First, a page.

Wednesday, 5 February 2020

My Taste of Steiner

I was sorry to hear of the death of the eminent critic George Steiner, who has died at the ripe age of 90, at home in Cambridge.
It was at Cambridge that I first encountered him. The university seems to have regarded him with suspicion – he was a always a controversial figure, something of a maverick – and held him at arm's length. However, I was once lucky enough to hear him speak, and it was one of the few wholly positive educational experiences of my Cambridge years. I'm not sure if it was a lecture or a talk to the English Society – I forget – but what I do remember is that Steiner's subjects were Beckett, Borges and Nabokov, and he spoke with such eloquent passion that I was fired up with enthusiasm and determined to read as much as I could find of these three (Beckett I has already discovered, but the other two were little more than names to me). This one lecture opened up my literary world in a way almost nothing else in the academic line had done. It was truly inspiring, in a certain sense life-changing, and I'll always be grateful for that taste of Steiner at his best.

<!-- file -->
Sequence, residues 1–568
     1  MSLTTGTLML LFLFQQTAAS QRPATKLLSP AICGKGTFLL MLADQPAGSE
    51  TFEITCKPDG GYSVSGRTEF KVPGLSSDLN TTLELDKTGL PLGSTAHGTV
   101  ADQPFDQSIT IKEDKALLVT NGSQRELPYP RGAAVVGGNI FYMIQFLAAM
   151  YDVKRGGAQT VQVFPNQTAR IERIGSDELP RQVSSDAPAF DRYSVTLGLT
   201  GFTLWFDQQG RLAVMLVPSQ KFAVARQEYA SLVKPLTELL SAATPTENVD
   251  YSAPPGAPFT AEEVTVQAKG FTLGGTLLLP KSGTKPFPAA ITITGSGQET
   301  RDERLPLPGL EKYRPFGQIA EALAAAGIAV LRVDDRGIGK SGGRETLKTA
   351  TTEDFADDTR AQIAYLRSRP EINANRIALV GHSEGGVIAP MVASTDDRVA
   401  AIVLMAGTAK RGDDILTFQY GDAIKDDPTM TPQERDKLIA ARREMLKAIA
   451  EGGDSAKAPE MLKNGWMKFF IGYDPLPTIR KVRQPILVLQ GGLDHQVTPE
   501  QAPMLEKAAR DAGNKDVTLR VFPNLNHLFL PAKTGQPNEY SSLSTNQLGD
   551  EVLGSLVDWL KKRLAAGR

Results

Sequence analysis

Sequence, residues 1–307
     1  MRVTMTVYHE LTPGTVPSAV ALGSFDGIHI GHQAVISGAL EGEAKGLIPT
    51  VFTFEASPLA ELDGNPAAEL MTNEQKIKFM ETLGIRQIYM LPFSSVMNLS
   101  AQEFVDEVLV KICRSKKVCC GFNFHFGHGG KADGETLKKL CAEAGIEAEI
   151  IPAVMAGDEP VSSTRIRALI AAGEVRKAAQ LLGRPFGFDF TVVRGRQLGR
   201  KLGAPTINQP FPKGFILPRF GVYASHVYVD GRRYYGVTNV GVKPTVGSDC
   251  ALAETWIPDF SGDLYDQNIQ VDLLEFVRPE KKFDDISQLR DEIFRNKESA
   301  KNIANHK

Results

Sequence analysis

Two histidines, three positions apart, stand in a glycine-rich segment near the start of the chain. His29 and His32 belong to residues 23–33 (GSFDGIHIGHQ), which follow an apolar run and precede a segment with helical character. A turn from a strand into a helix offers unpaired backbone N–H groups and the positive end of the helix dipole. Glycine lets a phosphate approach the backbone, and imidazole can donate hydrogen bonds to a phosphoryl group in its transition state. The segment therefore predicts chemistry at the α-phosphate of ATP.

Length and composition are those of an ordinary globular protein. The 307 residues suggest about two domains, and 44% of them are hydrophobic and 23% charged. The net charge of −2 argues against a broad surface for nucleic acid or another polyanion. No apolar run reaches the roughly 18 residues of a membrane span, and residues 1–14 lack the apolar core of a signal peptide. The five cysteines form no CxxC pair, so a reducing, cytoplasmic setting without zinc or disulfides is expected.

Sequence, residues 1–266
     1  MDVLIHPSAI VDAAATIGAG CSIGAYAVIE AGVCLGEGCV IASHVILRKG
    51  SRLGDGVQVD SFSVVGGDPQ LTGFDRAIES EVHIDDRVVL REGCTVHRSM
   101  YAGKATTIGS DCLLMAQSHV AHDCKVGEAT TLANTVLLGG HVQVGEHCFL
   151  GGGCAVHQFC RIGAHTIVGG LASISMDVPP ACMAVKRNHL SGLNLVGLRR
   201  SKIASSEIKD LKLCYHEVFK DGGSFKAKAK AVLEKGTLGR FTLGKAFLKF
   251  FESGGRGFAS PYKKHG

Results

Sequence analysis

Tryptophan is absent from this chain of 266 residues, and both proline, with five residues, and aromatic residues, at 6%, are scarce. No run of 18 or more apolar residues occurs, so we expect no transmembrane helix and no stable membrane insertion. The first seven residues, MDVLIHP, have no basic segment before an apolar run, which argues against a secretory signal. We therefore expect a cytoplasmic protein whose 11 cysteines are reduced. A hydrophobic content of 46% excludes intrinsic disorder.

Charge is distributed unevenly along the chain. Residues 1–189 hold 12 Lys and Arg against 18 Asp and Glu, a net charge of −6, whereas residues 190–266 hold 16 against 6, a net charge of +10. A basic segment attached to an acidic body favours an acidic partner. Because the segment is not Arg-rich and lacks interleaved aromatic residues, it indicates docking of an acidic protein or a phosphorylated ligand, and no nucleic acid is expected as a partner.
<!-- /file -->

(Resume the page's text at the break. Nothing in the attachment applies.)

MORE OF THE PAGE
7 comments:

  1. For me, Brazilian, Borges is quite familiar. Joycean as I am, too. And Nabokov, because of pale fire. Steiner, I guess, doesn't fit in our times. So do I.

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  2. Yes, not the best times to fit in, RIcardo...

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